They would stay with an upper class person even after they got married if they took good care of their dependents. A client, however, would depart and look for another master if he were handled hostilely or in a way that made him appear subordinate. If a client was referred to as monyatio, which means "stranger in the home," they would typically leave and go somewhere else. When a client reached marriageable age, his master would cover the cost of his bride. He would then become a member of the family.
Choosing and installing a chief
A customary rite of some kind had to be carried out before a person could become the chieftain. A chief typically had a secret bead that his forebears had handed on to him. Without his sons' knowledge, the chief would frequently place the bead in food and invite them to eat. The person who found the bead and gave it to his father would succeed him. His father made him carry his primary stick and stool wherever he went after that. He was also expected to closely watch what his father did in order to familiarize himself with his upcoming duties.If it was well recognized that the nominee lacked responsibility, the elders had the authority to reject him. Although there were various methods, this one was typically used to choose a chieftain's successor.
If a leader didn't have any sons, his nearest relative would take over. If a chief passed away, leaving a young son, a regent would be chosen to take over until the boy reached adulthood. A similar incident took place in Media in the late 1890s. When Chief Bongo passed away, his young son Baba was named chief-elect. In the meantime, Ali Kenyi, his nephew, was chosen as regent. Baba was unfortunate, though, for the Belgians arrived before he could effectively assume his job. They worked together, and Ali Kenyi kept the chair.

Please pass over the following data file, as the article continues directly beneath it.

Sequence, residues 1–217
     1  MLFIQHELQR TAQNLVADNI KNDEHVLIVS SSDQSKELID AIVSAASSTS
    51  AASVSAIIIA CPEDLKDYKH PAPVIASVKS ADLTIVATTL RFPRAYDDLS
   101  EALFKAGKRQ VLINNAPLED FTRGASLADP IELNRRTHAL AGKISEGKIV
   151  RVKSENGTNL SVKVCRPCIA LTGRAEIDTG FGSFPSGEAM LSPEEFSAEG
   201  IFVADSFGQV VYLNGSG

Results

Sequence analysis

All the clan members would congregate at the main residence known as Kadina mata for the installation of the chief. It was usual for the elderly to sit alone and request the ancestors' blessings so that the new chief might lead his people in peace and prosperity as they brought food and drink. Dancing and celebration would then ensue.
Role of the chief
The clan's chief had to counsel his clan to prevent its cattle from grazing on the crops of other clans and defend the clan's hunting areas from attack by other clans. In the case of external assault and defeat, it was his responsibility to evacuate his population and to try to negotiate a peaceful resolution. In addition, he served as the council of elders' advisor. He didn't require the elders' counsel if he operated in his capacity as a rainmaker. This was because it was thought that a common man, no matter how old he might be, did not have the ability to summon rain or execute reproductive rituals.
Military setup of Kakwa